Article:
In October filmmaker Ryder Haske visited Fort Knox to direct a documentary he was filming for the U.S. Army about military cemeteries. Haske and the film crew he assembled were here for three days videoing footage of the installation's award winning cemetery, and as part of the documentary they used the Ireland Army Health Clinic funeral honor team.

The funeral honor team is made up of a team of IRAHC Soldiers who rotate with other teams across post--their mission is to attend veteran funerals across the region and render honors.

Sgt. Robert Puente, a radiology specialist, Spc. Joshua Price, a combat medic, and Spc. Luke Sward, a medical laboratory technician, were three of the Soldiers selected from the honor team to participate in the filming. But all were quick to say that the jobs they hold in the facility had nothing to do with their selections.

"This may not be something that every Soldier will have the opportunity to do," Sward said. "If any Soldier finds themselves tasked out for funeral honor detail they should take a step back and realize they have the privilege of showing respect to a fallen Soldier and their family.

"Rendering honors for the Soldiers who have served our nation is extremely important. It shows the value we put on the lives lost of those who raised their hand and recited the oath to protect our nation. So, it's truly an honor to be part of this military funeral honor team."

Puente served with the Army North's Honor Guard Caisson Platoon at Fort Sam Houston, TX. The Army North's Caisson Platoon is only one of two active caisson platoons within the Army--the other is at Arlington National Cemetery. Through his service Puente said he has rendered over 300 honors.

"Funeral honors are important because it's the last ceremony that the service member will receive," he explained. "The percentile of those that raised their right hand (to serve their country) is a small percentage of the U.S. population."

"I treat every ceremony with the utmost respect it deserves, it is the least I can do for the friends and family of the deceased. Each team sent out leaves an everlasting memory to all in attendance."

And Price said he thought filming the documentary was important because it shows the differences and similarities in ceremonies.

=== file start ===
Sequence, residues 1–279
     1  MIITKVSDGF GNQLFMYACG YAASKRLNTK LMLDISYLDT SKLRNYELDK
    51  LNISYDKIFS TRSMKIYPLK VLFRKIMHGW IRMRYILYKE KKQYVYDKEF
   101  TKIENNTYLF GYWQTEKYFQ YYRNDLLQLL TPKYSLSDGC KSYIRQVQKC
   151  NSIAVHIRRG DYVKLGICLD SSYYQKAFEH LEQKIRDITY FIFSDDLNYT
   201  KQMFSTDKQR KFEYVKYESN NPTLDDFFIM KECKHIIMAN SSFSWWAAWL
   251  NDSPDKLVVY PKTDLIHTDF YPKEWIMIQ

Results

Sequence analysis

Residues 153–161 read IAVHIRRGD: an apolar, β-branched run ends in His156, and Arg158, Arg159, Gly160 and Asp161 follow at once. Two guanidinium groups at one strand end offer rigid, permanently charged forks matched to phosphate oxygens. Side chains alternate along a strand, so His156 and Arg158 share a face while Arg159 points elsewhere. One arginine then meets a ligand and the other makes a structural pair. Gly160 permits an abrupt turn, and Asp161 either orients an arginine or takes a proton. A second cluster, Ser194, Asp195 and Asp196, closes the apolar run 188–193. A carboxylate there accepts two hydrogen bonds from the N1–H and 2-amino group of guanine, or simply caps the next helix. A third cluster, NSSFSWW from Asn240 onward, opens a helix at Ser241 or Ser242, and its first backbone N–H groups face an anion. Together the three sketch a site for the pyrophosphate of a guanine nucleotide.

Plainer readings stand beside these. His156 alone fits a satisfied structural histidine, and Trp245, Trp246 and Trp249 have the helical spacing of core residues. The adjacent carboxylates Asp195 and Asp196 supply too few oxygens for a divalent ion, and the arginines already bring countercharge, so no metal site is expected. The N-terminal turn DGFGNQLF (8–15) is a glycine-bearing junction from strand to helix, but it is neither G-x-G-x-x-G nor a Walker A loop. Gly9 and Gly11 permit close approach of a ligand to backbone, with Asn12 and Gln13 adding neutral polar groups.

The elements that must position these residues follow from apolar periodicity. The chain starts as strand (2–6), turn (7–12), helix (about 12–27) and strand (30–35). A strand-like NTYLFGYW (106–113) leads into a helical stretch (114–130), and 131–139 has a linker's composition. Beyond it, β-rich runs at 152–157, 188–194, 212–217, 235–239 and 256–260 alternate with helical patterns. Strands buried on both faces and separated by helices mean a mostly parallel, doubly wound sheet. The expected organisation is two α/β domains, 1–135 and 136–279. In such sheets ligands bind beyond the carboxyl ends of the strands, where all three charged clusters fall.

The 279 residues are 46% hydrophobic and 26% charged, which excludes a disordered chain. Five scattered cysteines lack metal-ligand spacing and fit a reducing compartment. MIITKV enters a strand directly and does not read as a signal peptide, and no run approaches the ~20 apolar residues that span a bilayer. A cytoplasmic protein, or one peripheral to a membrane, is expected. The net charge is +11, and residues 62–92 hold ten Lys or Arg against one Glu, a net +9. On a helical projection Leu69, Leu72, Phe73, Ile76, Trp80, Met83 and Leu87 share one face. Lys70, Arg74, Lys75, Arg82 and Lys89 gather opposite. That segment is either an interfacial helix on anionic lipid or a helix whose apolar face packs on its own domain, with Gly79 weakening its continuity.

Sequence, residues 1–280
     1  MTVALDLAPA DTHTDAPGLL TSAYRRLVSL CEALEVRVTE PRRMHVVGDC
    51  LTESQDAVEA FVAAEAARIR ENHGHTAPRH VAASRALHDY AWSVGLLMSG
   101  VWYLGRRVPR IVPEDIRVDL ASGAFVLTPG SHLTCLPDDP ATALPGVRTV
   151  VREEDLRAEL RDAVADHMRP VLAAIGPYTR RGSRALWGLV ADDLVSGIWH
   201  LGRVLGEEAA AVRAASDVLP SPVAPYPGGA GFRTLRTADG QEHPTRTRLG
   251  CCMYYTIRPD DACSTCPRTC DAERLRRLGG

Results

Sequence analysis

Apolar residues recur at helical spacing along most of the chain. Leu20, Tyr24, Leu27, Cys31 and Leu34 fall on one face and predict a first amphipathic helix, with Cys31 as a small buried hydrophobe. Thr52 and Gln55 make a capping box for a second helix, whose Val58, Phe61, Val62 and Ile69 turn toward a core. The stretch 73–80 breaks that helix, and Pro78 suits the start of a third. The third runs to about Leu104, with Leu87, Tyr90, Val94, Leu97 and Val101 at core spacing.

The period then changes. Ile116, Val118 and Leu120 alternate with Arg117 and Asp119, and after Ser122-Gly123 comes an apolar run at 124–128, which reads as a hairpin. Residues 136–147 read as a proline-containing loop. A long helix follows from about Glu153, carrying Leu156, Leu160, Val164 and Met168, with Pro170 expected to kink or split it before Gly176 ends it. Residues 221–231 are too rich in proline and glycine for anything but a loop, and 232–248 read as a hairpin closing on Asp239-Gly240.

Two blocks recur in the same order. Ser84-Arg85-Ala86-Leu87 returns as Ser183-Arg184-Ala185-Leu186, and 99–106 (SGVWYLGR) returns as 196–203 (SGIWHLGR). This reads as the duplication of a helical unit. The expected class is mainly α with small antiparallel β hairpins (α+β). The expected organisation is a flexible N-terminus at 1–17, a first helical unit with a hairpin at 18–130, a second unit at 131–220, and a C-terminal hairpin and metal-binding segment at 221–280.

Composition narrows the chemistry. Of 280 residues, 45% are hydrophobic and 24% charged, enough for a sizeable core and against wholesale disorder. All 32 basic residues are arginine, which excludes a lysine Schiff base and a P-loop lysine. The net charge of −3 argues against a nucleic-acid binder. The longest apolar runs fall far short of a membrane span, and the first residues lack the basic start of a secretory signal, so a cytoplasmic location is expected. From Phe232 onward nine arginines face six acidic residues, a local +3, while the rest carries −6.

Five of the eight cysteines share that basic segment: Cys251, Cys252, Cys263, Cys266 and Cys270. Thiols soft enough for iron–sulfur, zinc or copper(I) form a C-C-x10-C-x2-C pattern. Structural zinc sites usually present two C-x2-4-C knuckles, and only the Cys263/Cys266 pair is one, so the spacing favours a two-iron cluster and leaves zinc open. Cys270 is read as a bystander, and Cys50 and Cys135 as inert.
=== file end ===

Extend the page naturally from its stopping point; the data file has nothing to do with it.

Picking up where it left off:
"Each installation is different in completing military funerals," he said. "They are all similar, but (the film) shows the different details units instill to show the upmost respect and honor to soldiers that have passed."

Puente's experience helps Soldiers like Sward and Price who had not performed this detail until they were picked earlier in the year. Sward said the IRAHC team practiced regularly.

"We trained over a two week time period and followed up (with weekly training) for the full funeral details," Sward noted. "We took care of the funerals for a six state zone (to include) the local Kentucky area."

Price added that the training included how to properly fold a flag as well as proper processes to follow before and after the flag is folded.

While they were filming the crew told the honor team they would have the opportunity for multiple takes if something went wrong. But according to Puente the team wanted to be perfect.

"Spc. Sward made an everlasting comment to everybody at the shoot," he remembered. "Sward said, 'we only have one shot when we perform MFH, today will be no different.'"

He added that he felt their part of the documentary went well and credited it in part to cooperation.

"Team work was essential to the success of the mission," he said. "The staff at the (Casualty Assistance Center) was outstanding, the four mission coordinators were extremely friendly, professional, helpful and a pleasure to work with," he said.
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